Nearly two-third of Americans say they must already appear fit before joining a health club, while almost half of Americans are deterred from ever entering a health club for fear of judgment, according to a new survey commissioned by Planet Fitness, Hampton, New Hampshire.
Planet Fitness recently hired research firm Kelton Global to conduct an online survey of 2,217 adult Americans. When asked, 62 percent of participants said they have attempted to get into shape before joining a club, and another 45 percent said judgment-related fears have kept them away from fitness facilities entirely.
Another 40 percent of respondents said they feel judged for their specific body type while publicly exercising, and 54 percent said they attempt to exercise in secluded, seemingly judgment-free areas of health clubs.
Additionally, the survey claimed as many as 16 million Americans were harassed or shamed at public health clubs in 2018.
“There’s no need for anyone to feel like they need to get in shape before joining a gym,” Roger Chacko, Planet Fitness' chief commercial officer, said in a media release about the survey. “At Planet Fitness, our priority is making our members feel welcome and comfortable no matter what, regardless of their size, shape or fitness level. It’s less about working out to the max every day of the week and more about feeling good about what you do at your own pace. In fact, based on new national physical activity guidelines, people can significantly improve their health just by moving. All activity counts.”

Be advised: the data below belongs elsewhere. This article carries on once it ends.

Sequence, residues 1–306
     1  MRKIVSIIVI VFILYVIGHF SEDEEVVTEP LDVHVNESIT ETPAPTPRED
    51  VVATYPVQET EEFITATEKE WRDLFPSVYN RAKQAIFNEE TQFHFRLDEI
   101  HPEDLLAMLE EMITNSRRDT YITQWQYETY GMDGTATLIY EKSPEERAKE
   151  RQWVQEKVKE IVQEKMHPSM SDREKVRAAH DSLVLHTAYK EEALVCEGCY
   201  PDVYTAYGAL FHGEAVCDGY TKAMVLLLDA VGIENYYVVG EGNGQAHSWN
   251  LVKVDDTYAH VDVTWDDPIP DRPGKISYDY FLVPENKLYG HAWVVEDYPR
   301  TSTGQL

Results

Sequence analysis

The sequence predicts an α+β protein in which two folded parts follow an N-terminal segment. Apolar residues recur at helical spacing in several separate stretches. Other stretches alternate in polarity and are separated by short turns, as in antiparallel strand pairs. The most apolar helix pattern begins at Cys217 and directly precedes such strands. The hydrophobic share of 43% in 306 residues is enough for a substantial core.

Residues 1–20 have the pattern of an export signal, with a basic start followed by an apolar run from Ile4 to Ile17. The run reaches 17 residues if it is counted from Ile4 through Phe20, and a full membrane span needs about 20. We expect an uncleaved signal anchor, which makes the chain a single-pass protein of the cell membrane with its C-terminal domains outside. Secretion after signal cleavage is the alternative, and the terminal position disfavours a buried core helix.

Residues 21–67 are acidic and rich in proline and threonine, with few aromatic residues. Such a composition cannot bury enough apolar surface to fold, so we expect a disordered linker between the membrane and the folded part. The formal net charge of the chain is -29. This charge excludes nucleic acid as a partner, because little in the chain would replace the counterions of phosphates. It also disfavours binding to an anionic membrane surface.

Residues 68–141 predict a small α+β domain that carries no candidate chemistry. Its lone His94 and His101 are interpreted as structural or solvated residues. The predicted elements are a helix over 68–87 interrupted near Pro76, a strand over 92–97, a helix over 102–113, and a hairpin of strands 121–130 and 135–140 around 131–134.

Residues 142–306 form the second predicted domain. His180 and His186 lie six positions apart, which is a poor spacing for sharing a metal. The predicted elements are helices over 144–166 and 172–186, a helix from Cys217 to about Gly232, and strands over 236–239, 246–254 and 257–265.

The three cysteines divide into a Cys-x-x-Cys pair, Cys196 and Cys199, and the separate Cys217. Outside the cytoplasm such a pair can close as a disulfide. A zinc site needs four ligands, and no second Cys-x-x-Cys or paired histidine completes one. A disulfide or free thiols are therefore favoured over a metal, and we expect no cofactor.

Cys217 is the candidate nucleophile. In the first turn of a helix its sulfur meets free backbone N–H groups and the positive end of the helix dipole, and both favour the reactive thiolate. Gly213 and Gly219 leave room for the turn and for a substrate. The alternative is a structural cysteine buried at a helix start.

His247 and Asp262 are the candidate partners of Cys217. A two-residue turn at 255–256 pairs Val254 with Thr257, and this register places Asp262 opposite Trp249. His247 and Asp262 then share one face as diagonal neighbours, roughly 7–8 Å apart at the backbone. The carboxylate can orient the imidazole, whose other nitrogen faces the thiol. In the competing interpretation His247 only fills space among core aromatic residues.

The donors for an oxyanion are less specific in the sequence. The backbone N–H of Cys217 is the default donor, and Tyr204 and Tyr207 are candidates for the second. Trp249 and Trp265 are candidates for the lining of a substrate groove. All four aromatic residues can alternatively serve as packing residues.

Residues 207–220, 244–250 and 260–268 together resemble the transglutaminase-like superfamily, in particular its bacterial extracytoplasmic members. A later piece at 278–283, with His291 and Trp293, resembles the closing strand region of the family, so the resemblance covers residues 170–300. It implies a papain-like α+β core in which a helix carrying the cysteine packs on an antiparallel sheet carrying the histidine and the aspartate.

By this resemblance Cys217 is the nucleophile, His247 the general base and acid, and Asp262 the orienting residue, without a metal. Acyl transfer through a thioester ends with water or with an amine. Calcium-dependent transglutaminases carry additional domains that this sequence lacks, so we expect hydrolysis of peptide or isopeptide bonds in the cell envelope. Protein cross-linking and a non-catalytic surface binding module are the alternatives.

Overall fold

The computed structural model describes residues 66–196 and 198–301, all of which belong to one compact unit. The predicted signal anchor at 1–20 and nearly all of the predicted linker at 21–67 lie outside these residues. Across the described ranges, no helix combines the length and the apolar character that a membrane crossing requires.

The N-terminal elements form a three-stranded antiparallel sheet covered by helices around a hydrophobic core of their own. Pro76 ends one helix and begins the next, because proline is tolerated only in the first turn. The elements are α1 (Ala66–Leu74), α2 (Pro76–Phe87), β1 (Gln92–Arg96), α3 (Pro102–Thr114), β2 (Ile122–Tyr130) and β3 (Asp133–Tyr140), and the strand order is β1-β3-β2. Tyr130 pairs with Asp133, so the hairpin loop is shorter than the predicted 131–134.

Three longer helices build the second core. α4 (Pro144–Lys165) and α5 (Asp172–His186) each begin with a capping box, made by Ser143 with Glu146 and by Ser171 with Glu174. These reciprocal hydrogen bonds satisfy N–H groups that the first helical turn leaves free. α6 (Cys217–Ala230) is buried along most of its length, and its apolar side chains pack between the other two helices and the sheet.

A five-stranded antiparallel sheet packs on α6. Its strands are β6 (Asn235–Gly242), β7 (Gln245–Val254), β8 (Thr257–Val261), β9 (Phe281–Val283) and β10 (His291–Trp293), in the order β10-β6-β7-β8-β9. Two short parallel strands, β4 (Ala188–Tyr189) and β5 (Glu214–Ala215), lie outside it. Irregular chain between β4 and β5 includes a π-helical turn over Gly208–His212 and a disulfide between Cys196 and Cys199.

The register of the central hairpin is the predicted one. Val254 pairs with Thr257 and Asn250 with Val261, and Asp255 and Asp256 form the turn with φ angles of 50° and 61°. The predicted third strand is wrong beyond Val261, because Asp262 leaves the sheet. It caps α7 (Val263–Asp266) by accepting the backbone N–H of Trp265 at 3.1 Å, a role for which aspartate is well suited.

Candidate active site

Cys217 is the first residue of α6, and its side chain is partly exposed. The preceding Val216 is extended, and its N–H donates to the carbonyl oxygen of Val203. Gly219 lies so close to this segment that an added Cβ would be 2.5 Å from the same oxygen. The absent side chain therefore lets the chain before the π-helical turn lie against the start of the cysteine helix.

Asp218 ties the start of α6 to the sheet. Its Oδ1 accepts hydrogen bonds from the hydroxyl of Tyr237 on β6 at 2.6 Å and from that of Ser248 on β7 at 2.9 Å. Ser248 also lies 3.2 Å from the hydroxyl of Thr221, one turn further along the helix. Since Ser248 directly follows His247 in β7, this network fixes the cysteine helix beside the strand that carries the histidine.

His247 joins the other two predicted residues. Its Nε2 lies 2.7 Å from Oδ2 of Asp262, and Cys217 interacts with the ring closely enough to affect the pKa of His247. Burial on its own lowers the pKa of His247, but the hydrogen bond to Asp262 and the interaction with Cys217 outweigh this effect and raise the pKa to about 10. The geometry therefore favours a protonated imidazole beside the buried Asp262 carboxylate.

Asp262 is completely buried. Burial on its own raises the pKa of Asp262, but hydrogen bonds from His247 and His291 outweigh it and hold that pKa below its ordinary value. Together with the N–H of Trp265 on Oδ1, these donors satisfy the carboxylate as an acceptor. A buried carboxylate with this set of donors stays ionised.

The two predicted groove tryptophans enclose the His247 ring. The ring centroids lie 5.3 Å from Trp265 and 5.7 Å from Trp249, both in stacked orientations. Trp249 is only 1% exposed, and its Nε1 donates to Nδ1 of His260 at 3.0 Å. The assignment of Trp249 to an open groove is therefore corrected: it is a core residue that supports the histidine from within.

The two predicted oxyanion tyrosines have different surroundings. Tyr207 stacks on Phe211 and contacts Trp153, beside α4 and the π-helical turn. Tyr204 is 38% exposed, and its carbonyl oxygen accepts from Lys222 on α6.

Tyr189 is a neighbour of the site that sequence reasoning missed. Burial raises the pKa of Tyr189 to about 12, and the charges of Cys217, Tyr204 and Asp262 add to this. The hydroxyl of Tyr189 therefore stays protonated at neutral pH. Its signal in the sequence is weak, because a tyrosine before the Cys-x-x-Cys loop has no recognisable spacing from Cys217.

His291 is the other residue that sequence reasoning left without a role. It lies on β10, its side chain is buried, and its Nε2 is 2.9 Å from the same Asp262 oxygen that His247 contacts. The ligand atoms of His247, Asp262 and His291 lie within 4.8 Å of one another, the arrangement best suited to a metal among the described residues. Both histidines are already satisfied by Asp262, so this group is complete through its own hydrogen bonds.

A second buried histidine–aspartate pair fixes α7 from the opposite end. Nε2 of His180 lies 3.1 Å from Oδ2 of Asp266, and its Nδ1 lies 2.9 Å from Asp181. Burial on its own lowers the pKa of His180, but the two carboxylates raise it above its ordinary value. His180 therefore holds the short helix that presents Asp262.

A January 2019 study published in the Applied Physiology, Nutrition, and Metabolism journal supports Chacko's assessment. Researchers found that climbing stairs for just 20 seconds can measurably improve one's cardiorespiratory fitness.
Additionally, an August 2018 study published in the Translational Journal of the American College of Sports Medicine reported that Americans who associate physical education with negative memories are more likely to avoid health clubs as adults.
Conversely, Americans with a propensity to physical activity showed genetic markers that corresponded with a reduced risk of depression, according to another recent study published in JAMA Psychiatry.